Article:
I am also enclosing the full financial history of the estate including receipts and disbursements from which the final accounting will be prepared, as well as the statements from A. G. Edwards and the mutual funds which will give the approximate value of the assets on hand.
Mr. O'Connell had expressed the desire to be paid in cash, but now has stated to Mrs. Nader that he desires to have the stocks and funds distributed to him. His sisters also desire an in kind distribution. As long as all three want the same thing, I have no problem with in kind or cash distribution.
The commission requested will be 5% of the assets and income received by the estate. Items upon which no commission is due are noted in the Receipts listing. Mrs. Nader has stated that she does not want a commission. Since we took a deduction for the full 5% commission on the 706 and saved money thereby, Mrs. Nader is going to split her share three ways less the income tax which she will pay on it.
The second fiduciary return will be ready next week and copies will be distributed as soon as I receive it.
I wish I could end this letter at this point, but there are some other matters which I did not think would arise after Mr. O'Connell's civil tone in his letter of June 30 and my reply.
Enclosed is a copy of Mr. O'Connell's letter to the Commissioner of October 25, 1993. (Earlier he had written the Commissioner requesting that I be denied reimbursement from the estate for expenses in defending myself from his charge to the Bar. I wrote Jesse Wilson that I never entertained seeking such payment. ) On October 27, 1993, I wrote Jesse and told him that you were representing Mr. O'Connell or at least advising him.
Next, I was informed by Mrs. Nader last week that Mr. O'Connell has demanded that we be bonded. The will flatly states otherwise and to do so would be in violation of our office.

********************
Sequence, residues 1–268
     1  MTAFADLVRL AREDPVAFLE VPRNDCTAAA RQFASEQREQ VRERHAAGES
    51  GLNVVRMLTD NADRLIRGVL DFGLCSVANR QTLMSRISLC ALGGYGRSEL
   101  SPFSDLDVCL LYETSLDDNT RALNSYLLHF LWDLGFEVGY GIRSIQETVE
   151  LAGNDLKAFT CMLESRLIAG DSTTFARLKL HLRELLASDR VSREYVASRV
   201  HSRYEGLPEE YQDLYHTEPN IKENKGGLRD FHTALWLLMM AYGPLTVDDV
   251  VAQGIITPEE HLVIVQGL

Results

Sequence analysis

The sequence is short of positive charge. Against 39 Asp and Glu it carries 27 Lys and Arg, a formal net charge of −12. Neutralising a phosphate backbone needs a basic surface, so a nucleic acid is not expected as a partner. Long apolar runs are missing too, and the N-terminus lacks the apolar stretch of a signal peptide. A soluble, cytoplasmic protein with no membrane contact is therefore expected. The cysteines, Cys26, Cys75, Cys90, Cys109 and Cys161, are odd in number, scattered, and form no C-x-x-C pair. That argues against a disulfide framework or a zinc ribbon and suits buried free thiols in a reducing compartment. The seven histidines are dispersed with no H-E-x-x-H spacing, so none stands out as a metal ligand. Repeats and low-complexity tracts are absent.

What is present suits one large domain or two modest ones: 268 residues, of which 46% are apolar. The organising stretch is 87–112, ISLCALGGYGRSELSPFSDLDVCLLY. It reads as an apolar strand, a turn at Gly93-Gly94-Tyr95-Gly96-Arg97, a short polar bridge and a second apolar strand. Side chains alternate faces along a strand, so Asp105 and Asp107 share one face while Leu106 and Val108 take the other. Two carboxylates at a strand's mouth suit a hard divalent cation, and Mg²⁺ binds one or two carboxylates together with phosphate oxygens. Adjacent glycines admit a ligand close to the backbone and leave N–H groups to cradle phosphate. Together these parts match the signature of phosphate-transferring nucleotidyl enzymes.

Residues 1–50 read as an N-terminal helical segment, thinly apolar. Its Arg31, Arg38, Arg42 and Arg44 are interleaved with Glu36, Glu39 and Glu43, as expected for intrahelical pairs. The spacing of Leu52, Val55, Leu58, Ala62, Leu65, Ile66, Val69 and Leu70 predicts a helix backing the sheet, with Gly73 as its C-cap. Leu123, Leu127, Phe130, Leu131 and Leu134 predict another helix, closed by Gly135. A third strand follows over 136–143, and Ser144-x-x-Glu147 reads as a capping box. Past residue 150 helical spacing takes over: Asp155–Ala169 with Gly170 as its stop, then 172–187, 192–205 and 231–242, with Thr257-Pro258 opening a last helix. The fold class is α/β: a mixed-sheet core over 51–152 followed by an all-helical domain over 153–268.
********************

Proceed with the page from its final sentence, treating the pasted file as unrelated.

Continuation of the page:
I will admit that I am furious about this continual petty harassment. From inception of this estate including the time that his sisters gave him the vehicle and I merely asked for a receipt so that a proper accounting might be filed, Mr. O'Connell has tried one stunt after another to disrupt the flow of administration, notwithstanding my repeated attempts to calm him down.
I am including Mr. O'Connell's complaint to the Virginia State Bar and the Bar's reply. I have omitted the 44 pages of enclosures he filed. His outright malicious lies about me (Page 7: "to deliberately mislead a seventy-nine year old woman", "abuse of the fiduciary trust" and "license to steal") in his complaint to the Bar are unforgivable and most decidedly actionable. In this regard please inform him that I would accept a full written apology for these remarks and let the matter drop even though no one has ever made such a statement about me.
I am fully aware of the root cause of all of this; however, it is not my fault that Miss Jo Ann Barnes refused to serve as a Co- Executor with Mr. O'Connell or that his mother came to me and directed his removal from that clause of the will.
I would fervently pray that he be counselled insofar as possible to let this estate be wound up in a normal fashion. He does not have to like me; he needs only to get off my back.
I assume that if he does not let matters drop, the next step will be to try and deny all or part of the commission due. I have spent well over 110 hours in this case without any payment of any sort and will most certainly expect to be paid the customary commission (2 1/2%) which I have explained to Mr. O'Connell in the past, provided it is approved by the Commissioner.
Sincerely, Edward J. White"